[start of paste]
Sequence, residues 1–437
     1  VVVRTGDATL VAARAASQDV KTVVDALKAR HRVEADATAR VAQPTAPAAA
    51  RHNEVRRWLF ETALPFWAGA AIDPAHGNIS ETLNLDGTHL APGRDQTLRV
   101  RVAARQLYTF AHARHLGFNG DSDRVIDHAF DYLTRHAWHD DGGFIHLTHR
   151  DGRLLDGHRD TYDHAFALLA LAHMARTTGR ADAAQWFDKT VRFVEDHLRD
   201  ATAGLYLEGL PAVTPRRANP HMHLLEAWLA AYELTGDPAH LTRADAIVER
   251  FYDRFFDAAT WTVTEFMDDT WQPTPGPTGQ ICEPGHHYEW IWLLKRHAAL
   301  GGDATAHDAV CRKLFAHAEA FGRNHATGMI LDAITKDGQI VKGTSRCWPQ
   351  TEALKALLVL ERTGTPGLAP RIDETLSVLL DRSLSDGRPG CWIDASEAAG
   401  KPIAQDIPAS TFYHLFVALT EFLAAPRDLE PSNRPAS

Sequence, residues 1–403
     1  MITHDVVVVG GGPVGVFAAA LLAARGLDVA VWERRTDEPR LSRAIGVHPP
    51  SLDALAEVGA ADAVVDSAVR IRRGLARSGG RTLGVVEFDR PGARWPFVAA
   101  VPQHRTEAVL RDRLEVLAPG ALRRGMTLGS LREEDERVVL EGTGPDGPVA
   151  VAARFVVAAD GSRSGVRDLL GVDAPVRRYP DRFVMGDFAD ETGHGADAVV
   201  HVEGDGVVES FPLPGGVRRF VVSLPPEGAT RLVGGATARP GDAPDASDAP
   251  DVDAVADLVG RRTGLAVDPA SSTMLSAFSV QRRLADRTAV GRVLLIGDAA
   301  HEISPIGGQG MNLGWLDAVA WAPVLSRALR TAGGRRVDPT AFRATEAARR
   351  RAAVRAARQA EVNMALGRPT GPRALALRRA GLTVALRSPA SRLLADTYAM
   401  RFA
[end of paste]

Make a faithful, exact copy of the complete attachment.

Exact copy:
Sequence, residues 1–437
     1  VVVRTGDATL VAARAASQDV KTVVDALKAR HRVEADATAR VAQPTAPAAA
    51  RHNEVRRWLF ETALPFWAGA AIDPAHGNIS ETLNLDGTHL APGRDQTLRV
   101  RVAARQLYTF AHARHLGFNG DSDRVIDHAF DYLTRHAWHD DGGFIHLTHR
   151  DGRLLDGHRD TYDHAFALLA LAHMARTTGR ADAAQWFDKT VRFVEDHLRD
   201  ATAGLYLEGL PAVTPRRANP HMHLLEAWLA AYELTGDPAH LTRADAIVER
   251  FYDRFFDAAT WTVTEFMDDT WQPTPGPTGQ ICEPGHHYEW IWLLKRHAAL
   301  GGDATAHDAV CRKLFAHAEA FGRNHATGMI LDAITKDGQI VKGTSRCWPQ
   351  TEALKALLVL ERTGTPGLAP RIDETLSVLL DRSLSDGRPG CWIDASEAAG
   401  KPIAQDIPAS TFYHLFVALT EFLAAPRDLE PSNRPAS

Sequence, residues 1–403
     1  MITHDVVVVG GGPVGVFAAA LLAARGLDVA VWERRTDEPR LSRAIGVHPP
    51  SLDALAEVGA ADAVVDSAVR IRRGLARSGG RTLGVVEFDR PGARWPFVAA
   101  VPQHRTEAVL RDRLEVLAPG ALRRGMTLGS LREEDERVVL EGTGPDGPVA
   151  VAARFVVAAD GSRSGVRDLL GVDAPVRRYP DRFVMGDFAD ETGHGADAVV
   201  HVEGDGVVES FPLPGGVRRF VVSLPPEGAT RLVGGATARP GDAPDASDAP
   251  DVDAVADLVG RRTGLAVDPA SSTMLSAFSV QRRLADRTAV GRVLLIGDAA
   301  HEISPIGGQG MNLGWLDAVA WAPVLSRALR TAGGRRVDPT AFRATEAARR
   351  RAAVRAARQA EVNMALGRPT GPRALALRRA GLTVALRSPA SRLLADTYAM
   401  RFA